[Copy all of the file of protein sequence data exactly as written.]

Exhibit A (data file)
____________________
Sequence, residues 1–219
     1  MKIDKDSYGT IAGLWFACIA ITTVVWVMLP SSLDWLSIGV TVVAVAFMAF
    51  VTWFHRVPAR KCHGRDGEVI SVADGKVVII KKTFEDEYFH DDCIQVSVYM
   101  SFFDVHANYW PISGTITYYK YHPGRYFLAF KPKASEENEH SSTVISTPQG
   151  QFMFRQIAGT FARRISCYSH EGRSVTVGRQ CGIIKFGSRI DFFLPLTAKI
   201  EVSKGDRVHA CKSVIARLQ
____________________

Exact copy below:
Sequence, residues 1–219
     1  MKIDKDSYGT IAGLWFACIA ITTVVWVMLP SSLDWLSIGV TVVAVAFMAF
    51  VTWFHRVPAR KCHGRDGEVI SVADGKVVII KKTFEDEYFH DDCIQVSVYM
   101  SFFDVHANYW PISGTITYYK YHPGRYFLAF KPKASEENEH SSTVISTPQG
   151  QFMFRQIAGT FARRISCYSH EGRSVTVGRQ CGIIKFGSRI DFFLPLTAKI
   201  EVSKGDRVHA CKSVIARLQ